propositions of a lover. But take a taste of my
finding him, and relish it with good observance. I
found him under a tree like a dropped acorn." (As You Like It 3.2.1332-1335)
"OTHELLO: ...like to the Pontick Sea,
Whose icy current and compulsive course
Ne'er feels retiring ebb, but keeps due on
To the Propontick at Hellesport." (Othello 3.3.453-456; allusion to DRN V:506-508)
There are a number of contemporary thinkers who have translated parts of DRN into English prose. For example, the French metaphysician Gilles Deleuze translates lines 633-634 from De Rerum Natura:
"...out of connections, densities, shocks, encounters, occurrences, and motions." (Deleuze [1990a] 267)
In The Advancement of Education the English philosopher Francis Bacon translated DRN II:1-10:
"In is a view of delight ... to stand of walke vpon the shoare side, and to see a shippe tossed with tempest vpon the sea; or to bee in a fortified Tower, and to see two Battailes ioyie vppon a plaine. But is a pleasure incomparable for the minde of man to be setled, landed, and fortified in the certaintie of truth; and from thence to descrie and behould the errours, perterbations, labours, and wanderings up and downe of other men." (1605)
Of special note, French philosophy Denis Diderot invoked a line from De Rerum Natura as his personal motto. He paraphrases DRN IV:338 as an emblematic, rallying cry for the entire Enlightenment period:
"Now we see out of the dark what is in the light." (Philosophical Thoughts 1746)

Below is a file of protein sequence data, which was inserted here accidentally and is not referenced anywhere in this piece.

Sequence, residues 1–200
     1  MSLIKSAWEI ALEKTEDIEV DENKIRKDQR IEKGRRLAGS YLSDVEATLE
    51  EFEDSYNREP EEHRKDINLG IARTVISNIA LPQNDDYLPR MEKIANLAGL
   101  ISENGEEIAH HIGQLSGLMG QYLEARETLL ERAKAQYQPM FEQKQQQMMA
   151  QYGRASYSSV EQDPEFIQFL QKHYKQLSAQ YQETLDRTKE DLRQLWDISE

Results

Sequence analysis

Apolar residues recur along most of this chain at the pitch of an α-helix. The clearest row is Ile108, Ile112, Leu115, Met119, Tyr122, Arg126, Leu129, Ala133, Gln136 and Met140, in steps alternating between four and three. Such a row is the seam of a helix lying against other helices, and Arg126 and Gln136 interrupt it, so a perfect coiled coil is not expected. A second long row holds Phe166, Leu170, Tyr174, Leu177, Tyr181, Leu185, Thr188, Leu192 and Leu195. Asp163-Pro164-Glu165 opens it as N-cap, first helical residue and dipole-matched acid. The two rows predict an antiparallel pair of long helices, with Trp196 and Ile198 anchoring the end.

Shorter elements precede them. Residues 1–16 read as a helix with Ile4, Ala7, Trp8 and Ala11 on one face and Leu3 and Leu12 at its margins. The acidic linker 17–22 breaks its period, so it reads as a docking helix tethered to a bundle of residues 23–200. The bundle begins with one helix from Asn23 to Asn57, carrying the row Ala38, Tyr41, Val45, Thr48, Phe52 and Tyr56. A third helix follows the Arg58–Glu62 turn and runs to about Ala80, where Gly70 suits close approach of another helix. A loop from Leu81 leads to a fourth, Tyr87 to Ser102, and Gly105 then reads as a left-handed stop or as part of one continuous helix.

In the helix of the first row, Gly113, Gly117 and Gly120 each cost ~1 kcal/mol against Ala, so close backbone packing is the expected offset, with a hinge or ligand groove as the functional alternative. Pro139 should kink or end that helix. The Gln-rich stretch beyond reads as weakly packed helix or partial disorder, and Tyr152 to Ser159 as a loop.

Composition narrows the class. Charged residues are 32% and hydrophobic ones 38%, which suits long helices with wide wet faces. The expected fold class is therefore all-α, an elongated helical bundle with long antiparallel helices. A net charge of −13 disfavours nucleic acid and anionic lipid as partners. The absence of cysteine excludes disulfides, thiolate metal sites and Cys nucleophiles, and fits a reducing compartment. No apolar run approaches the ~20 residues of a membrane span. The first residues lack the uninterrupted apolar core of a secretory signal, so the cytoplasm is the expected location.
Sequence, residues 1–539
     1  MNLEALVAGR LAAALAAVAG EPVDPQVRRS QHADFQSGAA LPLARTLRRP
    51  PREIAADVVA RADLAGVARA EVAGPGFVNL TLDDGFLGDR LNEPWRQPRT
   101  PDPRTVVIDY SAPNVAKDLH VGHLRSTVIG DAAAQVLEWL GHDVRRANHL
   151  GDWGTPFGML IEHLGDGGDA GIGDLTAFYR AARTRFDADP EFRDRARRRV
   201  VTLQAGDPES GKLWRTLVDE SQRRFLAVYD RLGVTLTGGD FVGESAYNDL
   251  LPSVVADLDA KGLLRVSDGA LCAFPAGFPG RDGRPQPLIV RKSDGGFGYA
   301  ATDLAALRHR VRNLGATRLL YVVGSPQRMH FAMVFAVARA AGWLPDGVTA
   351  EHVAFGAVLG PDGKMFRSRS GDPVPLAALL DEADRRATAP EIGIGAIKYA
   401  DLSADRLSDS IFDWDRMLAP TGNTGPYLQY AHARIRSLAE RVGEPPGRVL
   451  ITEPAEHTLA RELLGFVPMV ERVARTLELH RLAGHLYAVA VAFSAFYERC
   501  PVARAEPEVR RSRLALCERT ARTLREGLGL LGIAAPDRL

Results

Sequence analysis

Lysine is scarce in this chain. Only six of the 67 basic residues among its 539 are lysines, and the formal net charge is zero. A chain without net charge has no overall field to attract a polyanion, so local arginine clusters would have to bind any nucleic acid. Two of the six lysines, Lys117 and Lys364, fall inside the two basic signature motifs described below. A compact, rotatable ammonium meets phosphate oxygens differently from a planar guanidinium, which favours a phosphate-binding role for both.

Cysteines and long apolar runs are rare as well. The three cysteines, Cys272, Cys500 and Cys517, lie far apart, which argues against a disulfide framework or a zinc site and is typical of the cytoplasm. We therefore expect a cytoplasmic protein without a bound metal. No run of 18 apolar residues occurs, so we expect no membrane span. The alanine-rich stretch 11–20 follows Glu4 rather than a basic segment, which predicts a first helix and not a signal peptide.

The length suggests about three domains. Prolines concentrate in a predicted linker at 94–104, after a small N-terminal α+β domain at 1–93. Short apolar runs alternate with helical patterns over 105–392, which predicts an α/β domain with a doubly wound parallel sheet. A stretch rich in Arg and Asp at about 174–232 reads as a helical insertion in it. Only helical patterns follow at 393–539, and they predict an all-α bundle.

While they do not provide direct translation, we have notable reflections on Lucretian evolution from Erasmus Darwin (the less-famous grandfather of Charles) in The Temple of Nature, or the Origin of Society (1803) as well as David Hume in Dialogues Concerning Natural Religion (1779), regarding the poetry of DRN V:772-878.
Even one of my personal heroes, Carl Sagan makes commentary on DRN II:1090-1092.
"As Lucertius summarize [the Ionian philosophers'] views, 'Nature free at once and rid of her haughty lords is seen to do all things spontaneously of herself without the meddling of the gods." (Carl Sagan, The Demon-Haunted World)
The English poet George Sandys offers a translation of DRN II:14-19.
"O wretched minds of men! Depriued of light!
Through what great dangers, o[n] hou dark a night,
Force you your weary lives! and cannot see
How Nature onely craues a body free
From hated paine; a chearefulle Mind possest
Of safe delights, by care not feare opprest." (1632)
Of the beginning Book III, Frederick II is posthumously recorded as having said that "There are no better remedies for maladies of the mind." We then note that Lord Tennyson translated DRN III:18-24.
"...The Gods, who haunt
The lucid interspace of world and world,
Where never creeps a cloud, or moves a wind,
Nor ever falls the least white star of snow,
Nor ever lowest roll of thunder moans,
Nor sound of human sorrow mounts to mar
Their sacred, everlasting calm!" (Lord Tennyson, Lucretius 104-110)
England's first Poet Laureate, John Dryden provides a brief reflection of DRN III:831.
"What has this Bugbear death to frighten Man,
If Souls can die, as well as Bodies can?"
The poet Thomas Grey seems to appropriate the tone and imagery of DRN III:895-897.